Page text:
Sermon Illustrations?

When you men find a good sermon illustration that was used by another preacher do you mention your illustration source when using that same story in your exposition?  How do you approach this topic?

John Kitchen’s response was so helpful (see comments section) that I am including his reply in this post below.

I have concluded that if it is a non-personal illustration that my people understand (whether consciously or not) that I must have gotten the information somewhere outside of myself. If it is a quotation I give the name of the person who said it. If it is a personal story from someone’s life (not mine) I do the same. But if it is simply a story which someone else repeated from somewhere else I might simply repeat it without verbal footnote (knowing my people will assume I heard/read it somewhere else) or I might say something like: “The other day I heard/read …” That lets them know it is not original with me.

I think that we need to let the people know when material is not our own. Yet in some cases that is obvious. In others we can indicate that fairly simply, as I’ve outlined above.

I think that the standard for “verbal footnoting” is somewhat different than when we are writing. The common denominator is that we need to acknowledge when material is not our own. But in the oral experience of preaching the precision/detail that we would use in a written footnote unnecessarily encumbers the communication process. In such cases we need give enough information to acknowledge when material is not our own, but I do not feel the necessity to give full bibliographic information. I should keep that information in my sermon file, but should not encumber the preaching event with that information.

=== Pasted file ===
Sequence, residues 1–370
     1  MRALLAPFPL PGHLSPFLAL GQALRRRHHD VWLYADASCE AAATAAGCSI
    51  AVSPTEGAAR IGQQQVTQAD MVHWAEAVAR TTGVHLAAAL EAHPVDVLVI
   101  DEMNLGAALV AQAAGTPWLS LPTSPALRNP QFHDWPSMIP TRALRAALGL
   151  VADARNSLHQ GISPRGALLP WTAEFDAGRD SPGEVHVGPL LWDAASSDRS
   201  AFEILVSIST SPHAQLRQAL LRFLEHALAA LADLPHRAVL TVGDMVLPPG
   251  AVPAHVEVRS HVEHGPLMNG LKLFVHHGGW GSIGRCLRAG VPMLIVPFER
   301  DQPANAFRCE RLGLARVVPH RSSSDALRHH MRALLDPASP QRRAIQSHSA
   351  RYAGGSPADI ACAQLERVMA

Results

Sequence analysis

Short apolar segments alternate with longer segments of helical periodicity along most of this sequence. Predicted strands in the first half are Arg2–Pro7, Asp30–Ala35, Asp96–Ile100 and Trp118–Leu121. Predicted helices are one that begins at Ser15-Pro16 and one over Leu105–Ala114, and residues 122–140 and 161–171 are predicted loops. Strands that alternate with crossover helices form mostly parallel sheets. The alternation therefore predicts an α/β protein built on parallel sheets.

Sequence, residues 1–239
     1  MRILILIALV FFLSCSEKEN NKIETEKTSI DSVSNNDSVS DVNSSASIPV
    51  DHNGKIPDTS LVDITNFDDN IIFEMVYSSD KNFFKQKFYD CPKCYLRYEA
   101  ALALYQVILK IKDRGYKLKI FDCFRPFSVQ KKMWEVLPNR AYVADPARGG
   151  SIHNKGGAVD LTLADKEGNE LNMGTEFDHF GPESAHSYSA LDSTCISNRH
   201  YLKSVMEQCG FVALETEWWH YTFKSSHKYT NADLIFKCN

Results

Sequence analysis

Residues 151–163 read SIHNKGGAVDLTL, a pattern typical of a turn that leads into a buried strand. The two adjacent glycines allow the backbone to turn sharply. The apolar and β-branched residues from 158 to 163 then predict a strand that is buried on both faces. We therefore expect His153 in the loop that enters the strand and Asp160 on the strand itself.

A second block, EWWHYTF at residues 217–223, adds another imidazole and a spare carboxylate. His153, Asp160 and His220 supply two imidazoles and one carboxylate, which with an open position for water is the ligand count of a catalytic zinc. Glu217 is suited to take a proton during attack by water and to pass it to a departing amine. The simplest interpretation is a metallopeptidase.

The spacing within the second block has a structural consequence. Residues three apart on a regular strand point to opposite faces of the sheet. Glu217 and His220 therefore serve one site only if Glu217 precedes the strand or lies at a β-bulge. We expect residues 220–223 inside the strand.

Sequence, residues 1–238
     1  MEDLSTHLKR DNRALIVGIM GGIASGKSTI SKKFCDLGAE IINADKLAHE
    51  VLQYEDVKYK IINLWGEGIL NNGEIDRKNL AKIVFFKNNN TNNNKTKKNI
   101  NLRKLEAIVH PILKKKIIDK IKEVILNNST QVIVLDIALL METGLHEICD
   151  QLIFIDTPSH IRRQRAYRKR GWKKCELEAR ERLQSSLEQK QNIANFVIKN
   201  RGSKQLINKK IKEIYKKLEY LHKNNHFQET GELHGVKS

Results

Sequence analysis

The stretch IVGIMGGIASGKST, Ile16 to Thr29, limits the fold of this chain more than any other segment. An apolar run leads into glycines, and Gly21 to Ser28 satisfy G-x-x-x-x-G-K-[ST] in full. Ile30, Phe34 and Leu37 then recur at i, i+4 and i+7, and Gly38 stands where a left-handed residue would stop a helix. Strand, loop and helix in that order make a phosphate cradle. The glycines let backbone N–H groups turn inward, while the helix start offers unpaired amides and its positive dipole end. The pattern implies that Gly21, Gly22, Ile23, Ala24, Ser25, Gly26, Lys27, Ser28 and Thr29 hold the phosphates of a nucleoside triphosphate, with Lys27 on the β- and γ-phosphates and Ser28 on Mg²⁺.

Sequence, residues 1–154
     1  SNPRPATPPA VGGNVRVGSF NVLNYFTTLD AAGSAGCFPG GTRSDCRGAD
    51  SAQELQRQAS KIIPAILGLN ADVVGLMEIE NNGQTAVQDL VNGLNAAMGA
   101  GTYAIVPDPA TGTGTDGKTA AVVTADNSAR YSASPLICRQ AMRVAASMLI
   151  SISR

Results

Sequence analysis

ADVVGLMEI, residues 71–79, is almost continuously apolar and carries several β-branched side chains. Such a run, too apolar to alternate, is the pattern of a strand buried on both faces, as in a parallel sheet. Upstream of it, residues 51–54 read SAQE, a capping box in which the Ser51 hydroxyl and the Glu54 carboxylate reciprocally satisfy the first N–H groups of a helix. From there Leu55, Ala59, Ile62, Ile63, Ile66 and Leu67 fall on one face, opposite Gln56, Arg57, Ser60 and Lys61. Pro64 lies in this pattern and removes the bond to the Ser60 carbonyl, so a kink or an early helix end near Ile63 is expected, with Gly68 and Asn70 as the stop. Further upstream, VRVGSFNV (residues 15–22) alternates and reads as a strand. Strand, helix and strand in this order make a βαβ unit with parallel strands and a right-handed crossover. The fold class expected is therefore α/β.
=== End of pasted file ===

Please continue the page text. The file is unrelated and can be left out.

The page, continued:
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10 responses to this post.

  1. Typically I say something like, “I was listening to one preacher the other day and he said….”

    But I don’t think it matters very much where the illustration came from. And I also don’t think that many of my parishioners would be familiar with the names I might throw around.

  2. Since most illustrations (non personal ones) come from outside sources I am trying to sort out if you have to say where you got your illustration from every single time you share an illustration in a sermon. I don’t know if I am making any sense here?

  3. I have concluded that if it is a non-personal illustration that my people understand (whether consciously or not) that I must have gotten the information somewhere outside of myself. If it is a quotation I give the name of the person who said it. If it is a personal story from someone’s life (not mine) I do the same. But if it is simply a story which someone else repeated from somewhere else I might simply repeat it without verbal footnote (knowing my people will assume I heard/read it somewhere else) or I might say something like: “The other day I heard/read …” That lets them know it is not original with me.